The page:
-to our departed friend and mentor, Sam Day.

from the Nuclear Resister
January 30 2001

It is with great sadness that we share the news of the death of our dear friend, supporter, and mentor. Sam Day, writer, activist, nuclear resister, died of a massive stroke in Madison, Wisconsin on January 26 at the age of 74. He was the coordinator of the U.S. Campaign to Free Mordechai Vanunu. In past years, he served as the director of Nukewatch, editor of The Bulletin of the Atomic Scientists, managing editor of the Progressive magazine, and was recipient of the 1992 Martin Luther King, Jr. Peace Prize awarded by the Fellowship of Reconciliation.

As a long-time activist who had himself spent time in prison as a result of his anti-nuclear convictions, Sam felt the rightness of Mordechai Vanunu's truth-telling to the very core of his being, and worked tirelessly on Mordechai's behalf and for their common vision of a nuclear-free world. What you may not know is how integral Sam was to the Nuclear Resister. We met Sam when we lived in Madison in 1981, and since that time he has supported and advised our work. He had extensive journalistic training and experience; we had none.

Sam at Ashkelon Prison, Israel
September 1998

It was Sam who convinced us early on that if the newsletter was to survive, we would have to charge money for subscriptions, and not just send it out for free. He was the one who prodded us to change the name, insisting that The Newsletter of the National No Nukes Prison Support Collective wasn't catchy enough. He patiently explained, more than once, how to send out subscription renewal reminders and why it would be good to send out fund appeal letters. It was Sam who first suggested that we expand our coverage to include anti-war actions, and he continued to bring it up until the bombing of Iraq in 1991 convinced us that we had to begin. Sometimes it took us awhile to incorporate his advice. And sometimes we never did.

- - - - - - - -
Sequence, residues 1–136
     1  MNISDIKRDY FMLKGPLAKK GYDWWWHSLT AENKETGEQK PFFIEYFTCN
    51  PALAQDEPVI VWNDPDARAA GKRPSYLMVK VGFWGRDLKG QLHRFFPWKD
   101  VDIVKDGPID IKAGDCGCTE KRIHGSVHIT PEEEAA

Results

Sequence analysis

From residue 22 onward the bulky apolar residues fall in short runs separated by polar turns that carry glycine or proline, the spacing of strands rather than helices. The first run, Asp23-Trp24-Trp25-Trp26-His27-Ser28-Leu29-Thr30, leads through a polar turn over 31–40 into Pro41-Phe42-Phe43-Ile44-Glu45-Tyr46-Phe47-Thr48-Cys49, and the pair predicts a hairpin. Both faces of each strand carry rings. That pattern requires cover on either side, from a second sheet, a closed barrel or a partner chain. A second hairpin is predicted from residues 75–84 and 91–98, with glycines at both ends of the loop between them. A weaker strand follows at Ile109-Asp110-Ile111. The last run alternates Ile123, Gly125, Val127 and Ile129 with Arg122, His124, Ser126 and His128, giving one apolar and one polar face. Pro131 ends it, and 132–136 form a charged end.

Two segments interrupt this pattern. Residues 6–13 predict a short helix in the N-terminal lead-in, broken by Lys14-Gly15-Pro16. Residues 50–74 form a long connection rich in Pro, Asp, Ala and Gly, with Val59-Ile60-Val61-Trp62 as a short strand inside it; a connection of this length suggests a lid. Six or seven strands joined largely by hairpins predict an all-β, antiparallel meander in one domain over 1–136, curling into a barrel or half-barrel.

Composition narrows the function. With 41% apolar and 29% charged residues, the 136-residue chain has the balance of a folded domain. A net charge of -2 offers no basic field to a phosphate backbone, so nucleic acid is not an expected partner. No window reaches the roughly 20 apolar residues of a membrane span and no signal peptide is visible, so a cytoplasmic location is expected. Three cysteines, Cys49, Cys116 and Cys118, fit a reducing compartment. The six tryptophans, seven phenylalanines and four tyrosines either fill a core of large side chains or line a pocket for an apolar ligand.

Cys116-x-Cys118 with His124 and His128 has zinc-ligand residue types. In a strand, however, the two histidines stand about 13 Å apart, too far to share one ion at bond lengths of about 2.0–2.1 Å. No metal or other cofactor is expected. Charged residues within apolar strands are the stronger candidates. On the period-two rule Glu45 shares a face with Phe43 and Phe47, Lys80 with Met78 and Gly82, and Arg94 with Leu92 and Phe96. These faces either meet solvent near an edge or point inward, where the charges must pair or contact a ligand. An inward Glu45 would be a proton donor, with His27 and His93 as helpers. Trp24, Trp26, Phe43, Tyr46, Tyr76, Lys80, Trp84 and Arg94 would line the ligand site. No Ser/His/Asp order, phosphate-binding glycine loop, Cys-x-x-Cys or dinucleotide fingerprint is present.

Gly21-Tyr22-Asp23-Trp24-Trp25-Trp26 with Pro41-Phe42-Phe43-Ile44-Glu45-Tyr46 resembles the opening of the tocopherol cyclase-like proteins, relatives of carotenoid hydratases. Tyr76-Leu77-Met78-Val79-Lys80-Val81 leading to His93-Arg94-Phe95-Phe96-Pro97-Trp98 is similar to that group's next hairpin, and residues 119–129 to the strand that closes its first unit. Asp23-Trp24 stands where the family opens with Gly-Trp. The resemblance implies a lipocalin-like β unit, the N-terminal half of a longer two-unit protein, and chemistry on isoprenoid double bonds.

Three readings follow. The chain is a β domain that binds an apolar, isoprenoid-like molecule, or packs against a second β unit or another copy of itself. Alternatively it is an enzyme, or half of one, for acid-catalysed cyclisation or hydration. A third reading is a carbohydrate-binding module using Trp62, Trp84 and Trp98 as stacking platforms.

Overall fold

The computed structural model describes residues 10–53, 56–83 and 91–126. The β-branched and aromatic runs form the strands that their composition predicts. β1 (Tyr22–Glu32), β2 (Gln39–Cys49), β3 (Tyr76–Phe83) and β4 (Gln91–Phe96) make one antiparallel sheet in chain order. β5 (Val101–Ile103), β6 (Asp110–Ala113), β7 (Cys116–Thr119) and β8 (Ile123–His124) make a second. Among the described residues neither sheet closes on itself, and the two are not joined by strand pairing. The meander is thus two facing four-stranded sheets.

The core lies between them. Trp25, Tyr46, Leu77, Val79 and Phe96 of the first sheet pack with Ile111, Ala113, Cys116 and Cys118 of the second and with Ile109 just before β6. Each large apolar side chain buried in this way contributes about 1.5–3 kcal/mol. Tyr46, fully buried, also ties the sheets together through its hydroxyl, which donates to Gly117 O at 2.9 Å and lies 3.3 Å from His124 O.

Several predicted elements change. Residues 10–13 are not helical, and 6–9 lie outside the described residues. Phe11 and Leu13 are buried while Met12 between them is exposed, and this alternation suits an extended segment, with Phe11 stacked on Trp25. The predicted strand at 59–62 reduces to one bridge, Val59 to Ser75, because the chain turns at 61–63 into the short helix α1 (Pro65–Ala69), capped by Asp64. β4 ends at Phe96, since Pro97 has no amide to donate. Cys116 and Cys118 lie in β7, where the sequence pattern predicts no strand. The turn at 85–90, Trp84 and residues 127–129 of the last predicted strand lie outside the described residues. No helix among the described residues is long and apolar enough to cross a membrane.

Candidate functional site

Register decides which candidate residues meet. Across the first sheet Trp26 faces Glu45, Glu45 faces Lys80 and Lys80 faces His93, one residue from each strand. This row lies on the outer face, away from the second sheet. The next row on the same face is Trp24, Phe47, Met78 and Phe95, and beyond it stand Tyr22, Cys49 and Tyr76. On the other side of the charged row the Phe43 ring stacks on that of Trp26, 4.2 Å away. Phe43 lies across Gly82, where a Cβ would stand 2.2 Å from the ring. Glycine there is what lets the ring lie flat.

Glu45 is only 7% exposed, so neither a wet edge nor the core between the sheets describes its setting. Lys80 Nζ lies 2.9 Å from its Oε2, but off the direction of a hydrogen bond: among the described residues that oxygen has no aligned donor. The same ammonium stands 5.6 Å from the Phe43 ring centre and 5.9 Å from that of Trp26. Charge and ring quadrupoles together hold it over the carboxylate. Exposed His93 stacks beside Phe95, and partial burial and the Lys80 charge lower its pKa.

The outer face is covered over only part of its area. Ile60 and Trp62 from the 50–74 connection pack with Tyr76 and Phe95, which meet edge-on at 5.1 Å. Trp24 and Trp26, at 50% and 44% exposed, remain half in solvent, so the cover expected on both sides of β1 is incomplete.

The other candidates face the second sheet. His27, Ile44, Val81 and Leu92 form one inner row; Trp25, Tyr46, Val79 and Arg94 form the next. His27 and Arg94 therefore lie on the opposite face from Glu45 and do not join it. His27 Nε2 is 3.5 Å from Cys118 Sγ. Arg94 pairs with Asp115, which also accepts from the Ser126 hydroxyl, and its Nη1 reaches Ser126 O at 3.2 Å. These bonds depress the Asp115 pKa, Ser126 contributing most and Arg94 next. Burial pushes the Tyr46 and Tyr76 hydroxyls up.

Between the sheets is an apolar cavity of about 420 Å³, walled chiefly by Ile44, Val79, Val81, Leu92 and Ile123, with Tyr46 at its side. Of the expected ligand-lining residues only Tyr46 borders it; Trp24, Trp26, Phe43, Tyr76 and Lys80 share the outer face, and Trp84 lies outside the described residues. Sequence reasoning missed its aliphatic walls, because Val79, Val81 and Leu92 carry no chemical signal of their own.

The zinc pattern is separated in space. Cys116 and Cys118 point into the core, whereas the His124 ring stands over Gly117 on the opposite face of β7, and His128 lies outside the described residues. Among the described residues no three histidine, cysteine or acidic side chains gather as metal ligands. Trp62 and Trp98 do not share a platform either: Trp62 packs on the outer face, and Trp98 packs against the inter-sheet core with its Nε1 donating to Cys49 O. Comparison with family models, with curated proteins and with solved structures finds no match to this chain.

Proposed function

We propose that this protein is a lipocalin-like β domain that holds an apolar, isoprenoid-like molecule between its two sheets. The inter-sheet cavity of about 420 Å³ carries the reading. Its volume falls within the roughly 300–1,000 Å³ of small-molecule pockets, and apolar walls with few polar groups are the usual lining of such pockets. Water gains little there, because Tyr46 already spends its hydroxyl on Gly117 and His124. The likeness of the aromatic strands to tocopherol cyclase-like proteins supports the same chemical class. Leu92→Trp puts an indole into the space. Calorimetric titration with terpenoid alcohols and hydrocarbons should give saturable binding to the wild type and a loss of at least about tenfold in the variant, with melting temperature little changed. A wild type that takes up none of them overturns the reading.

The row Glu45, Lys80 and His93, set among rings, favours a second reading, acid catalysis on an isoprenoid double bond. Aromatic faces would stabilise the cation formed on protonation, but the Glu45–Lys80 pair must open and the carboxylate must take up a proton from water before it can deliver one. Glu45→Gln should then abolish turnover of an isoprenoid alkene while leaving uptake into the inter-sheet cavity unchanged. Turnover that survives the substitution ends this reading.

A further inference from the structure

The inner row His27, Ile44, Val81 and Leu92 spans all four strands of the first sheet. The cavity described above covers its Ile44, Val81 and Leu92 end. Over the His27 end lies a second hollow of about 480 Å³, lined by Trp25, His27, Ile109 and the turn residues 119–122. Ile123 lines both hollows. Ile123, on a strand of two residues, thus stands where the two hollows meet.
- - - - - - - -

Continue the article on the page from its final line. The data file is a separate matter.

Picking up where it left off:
But Sam never stopped supporting us. For years during the '80's, he wrote us a note after each and every issue, filled with feedback and encouragement, telling us which articles he particularly liked. He never received a fund appeal letter from us without immediately sending a contribution. And in recent years, when we worked closely with him as associate coordinators of the U.S. Campaign to Free Mordechai Vanunu, he regularly asked detailed questions about how the Nuclear Resister was doing, and was always willing to spend time bouncing ideas around with us and offering advice.

We talked often, not just about the newsletter and what more we could do to work for Vanunu's freedom, but about the state of activism, the future of the peace movement, the issues of the day, our families - on airplanes, in pubs, at demon-strations, on the phone, at our kitchen table. His clarity, directness, and sense of humor made him a lot of fun to be with. We will miss him.

Contributions in Sam's memory can be made to The Progressive, Nukewatch, the U.S. Campaign to Free Mordechai Vanunu, the Nuclear Resister, or another organization of your choosing.

We were also saddened to learn in December that Catholic Worker Chuck Trapkus was killed in a car accident. We have for many years admired Chuck's activism, enjoyed his cartoons and graphics, and appreciated occasional conversations with him about the challenges of publishing a small newsletter.

Both men would likely agree with Joe Hill's admonition as he faced an untimely end: "Don't mourn. Organize!" And so we'll continue, spurred on by fond memories of these dedicated souls.